Edward Fox OBE
(1937- )
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Born on April 13 1937, Edward was the eldest son of agent Robin Fox and brother James Fox, who was also set to become an actor. After being educated in Harrow, he served as a Lieutenant in the Coldstream Guards although this didn't last long. He then attended RADA and started some acting in repertory theatre, making the transition to the screen appearing uncredited as a barman in Lindsay Anderson's 'This Sporting Life' (1963).

Fox spent the first few years of his career in the shadow of his longer-established younger sibling. He was heavily involved in a range of fairly forgettable TV roles (as were many british actors) bu all this changed when he was cast as Viscount Trimingham in the 1970 film 'The Go-Between'. It delineates the rigid class divisions prevalent in England at that time. A story of forbidden love between a tenant farmer, Ted Burgess (Bates), and Marian Maudsley (Christie), the daughter of the neighbouring landowners. Fox is brilliant playing the third man in the romance, the war veteran. For this he won this first of three BAFTA's.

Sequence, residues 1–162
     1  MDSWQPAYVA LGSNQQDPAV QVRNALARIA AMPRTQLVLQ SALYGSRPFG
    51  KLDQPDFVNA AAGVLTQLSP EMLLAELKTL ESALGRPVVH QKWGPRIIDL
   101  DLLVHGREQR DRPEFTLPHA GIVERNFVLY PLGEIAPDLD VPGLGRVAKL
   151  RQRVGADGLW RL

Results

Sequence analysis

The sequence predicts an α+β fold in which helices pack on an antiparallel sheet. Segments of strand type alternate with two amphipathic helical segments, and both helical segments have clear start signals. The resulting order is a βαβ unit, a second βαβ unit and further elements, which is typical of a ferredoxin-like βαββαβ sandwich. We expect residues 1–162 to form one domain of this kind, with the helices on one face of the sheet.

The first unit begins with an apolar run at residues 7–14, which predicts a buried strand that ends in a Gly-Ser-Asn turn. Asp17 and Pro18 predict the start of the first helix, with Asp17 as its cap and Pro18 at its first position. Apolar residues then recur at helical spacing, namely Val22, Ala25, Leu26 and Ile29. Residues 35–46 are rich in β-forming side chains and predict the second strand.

Sucess breeds success and although still not particulary well known, Fred Zimmerman recognised his talent and offered him the part of the the charismatic but cold-blooded international assassin, The Jackal, in ‘Day of the Jackal’ (1973).

This was one of the best films of all time, many reviewers commented that Fox was so believable and determined to go through with his assignment to kill De Gaulle that at times the audience believed he was actually going to get away with it. The portrayal was superb and he had every aspect and detail of the assassin 'down to tee' (an english colloqailism). Fox somehow managed to keep the tension at boiling point especially during the latter half of the movue. Film morality develops to the forefront of the movie as he manages to transfer the character into an anti-hero and you begin to get so fascinated by the killer that you end up hoping they never catch him.

Attention should be brought also to his role in ‘A Bridge too Far’ (1977) as Lt Gen Horrocks of 30 Corp. He certainly had the experience for the part (and yes it showed) he had served as an officer in the Coldstream Guards (one of the most prestigious regiments in the British Army) . Playing a classic English guards officer, his speech to all his officers (which really occurred) was highly stirring, moving and comic – not easy to combine well into one.

 


 

 

 

 

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